Content warning for mention of suicide
Click the spoiler tag to read the post. I don't talk about suicide in any depth, but I do mention it in the broader context of depression and little things individuals can do to help people who are depressed.
I also want to mention that we all have shit to grapple with; these are just things I wanted to mention that could be good to do if you can do them. I'm not in any way advocating giving more of yourself than you want and/or are able to give; once it starts to take a toll on you, it's not a little thing for you anymore, either.
Depression and suicide are complex, multifaceted health issues that require complex, multifaceted approaches to address. There isn’t an easy fix for the broader societal problems that enable and exacerbate this public health crisis. That's why I’m not going to talk about the broader societal problem today - though I do recommend that everyone seek out people who are talking about long-term ways to help people who struggle with depression and other mental illnesses.
Instead, I’m going to talk about two little things for people who are not depressed to start to help people they know who are grappling with depression.
Reach out to people you care about who have a history of depression or who have expressed feeling intensely stressed, hopeless, or something along those lines.
Tell them that you’re thinking of them. Tell that you like them. Tell them why you like them.
Do it in a sentence. Do it in a few sentences. Do it in a paragraph. What’s a good memory that you have? Did they ever do something that really helped you or someone else? Is there something about them that you really admire that ISN’T about how strong they are in facing adversity? (Seriously, please don’t say this.)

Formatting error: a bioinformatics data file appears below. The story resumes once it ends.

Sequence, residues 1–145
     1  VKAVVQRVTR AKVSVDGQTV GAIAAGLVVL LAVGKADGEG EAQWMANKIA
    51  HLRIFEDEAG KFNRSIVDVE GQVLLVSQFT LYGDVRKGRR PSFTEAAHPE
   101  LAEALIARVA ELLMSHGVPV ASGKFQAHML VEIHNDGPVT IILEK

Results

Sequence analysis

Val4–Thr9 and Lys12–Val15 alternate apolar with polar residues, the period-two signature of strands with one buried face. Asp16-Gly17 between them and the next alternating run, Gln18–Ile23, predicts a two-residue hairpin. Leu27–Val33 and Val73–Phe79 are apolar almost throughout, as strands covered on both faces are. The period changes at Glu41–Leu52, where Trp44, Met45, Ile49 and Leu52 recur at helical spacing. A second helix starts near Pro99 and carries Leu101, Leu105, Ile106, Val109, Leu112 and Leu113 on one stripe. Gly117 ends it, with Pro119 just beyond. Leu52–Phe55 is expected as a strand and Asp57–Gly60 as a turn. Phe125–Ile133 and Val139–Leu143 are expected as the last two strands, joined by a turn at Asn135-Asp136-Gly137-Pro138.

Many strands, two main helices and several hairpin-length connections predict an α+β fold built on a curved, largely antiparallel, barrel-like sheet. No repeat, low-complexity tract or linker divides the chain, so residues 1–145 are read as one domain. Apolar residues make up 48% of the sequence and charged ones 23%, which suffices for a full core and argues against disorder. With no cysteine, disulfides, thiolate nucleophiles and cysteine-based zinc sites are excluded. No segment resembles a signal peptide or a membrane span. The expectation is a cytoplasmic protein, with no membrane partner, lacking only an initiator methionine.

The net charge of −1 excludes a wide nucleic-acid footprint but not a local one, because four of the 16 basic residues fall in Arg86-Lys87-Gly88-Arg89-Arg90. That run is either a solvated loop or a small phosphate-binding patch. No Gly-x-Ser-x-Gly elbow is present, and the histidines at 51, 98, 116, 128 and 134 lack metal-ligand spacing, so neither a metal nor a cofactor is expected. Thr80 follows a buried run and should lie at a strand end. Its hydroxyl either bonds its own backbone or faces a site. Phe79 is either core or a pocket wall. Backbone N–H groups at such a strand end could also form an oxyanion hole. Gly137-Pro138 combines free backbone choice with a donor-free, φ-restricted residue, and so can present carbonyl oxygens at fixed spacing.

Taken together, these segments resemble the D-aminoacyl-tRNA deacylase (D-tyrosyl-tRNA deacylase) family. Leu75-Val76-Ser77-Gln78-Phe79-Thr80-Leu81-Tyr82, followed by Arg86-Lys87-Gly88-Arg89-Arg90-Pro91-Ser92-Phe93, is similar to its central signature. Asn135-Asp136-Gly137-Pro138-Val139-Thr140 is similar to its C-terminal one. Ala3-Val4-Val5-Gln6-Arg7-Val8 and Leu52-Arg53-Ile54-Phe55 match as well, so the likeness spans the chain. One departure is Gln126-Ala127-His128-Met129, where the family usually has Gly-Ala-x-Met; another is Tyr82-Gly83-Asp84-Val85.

Whatever you say and however long it is, make sure this is centered entirely on them and contains absolutely no pressure. For example, rather than write, “Let’s get together soon!” you might write “Whenever you have the time/energy (no rush), I’d love to come take you out for coffee!” Ideally, you should also mention that you don’t need any answer or acknowledgement right now, because otherwise, guilt about not responding could *also* start to weigh down on them.
This will not magically make them not-depressed. What it could do is help them get through the particularly awful moments and make them feel more comfortable reaching out when they do have the energy.
Help with the small, simple things.
Depression saps a person of their energy, and it makes even theoretically minor things seem like huge hurdles. People who are depressed will no do things they really need to do for days or weeks or even months. After awhile, the anxiety and shame over not doing that really simple thing starts to spiral in on itself, and that makes it even harder to do it (and also everything else).
It can be really, really helpful to have someone proactively reach out and offer to do one of those small, simple things.
That could be dropping that bill in the mail. It could be calling a refill into the pharmacy. It could be checking their voicemail and summarizing it. It could be changing the light bulb in their reading lamp. It could be requesting their absentee ballot.
There are a dozen little things that are way too easy to be so hard and occupy way too bandwidth for how much time they should take, and taking one or two of them off someone’s hands can help so much more than you realize. There are people who have done some of those things for me, and there are no words for how much I’ve appreciated it - or how helpful I've found it.
Again: neither of these will make the people you care about not-depressed. There is no magic treatment for depression. However, things like this *can* give people who are struggling with depression the tools to get through the hardest moments and find the energy to do one or two extra things a couple days a week, and that really, really matters.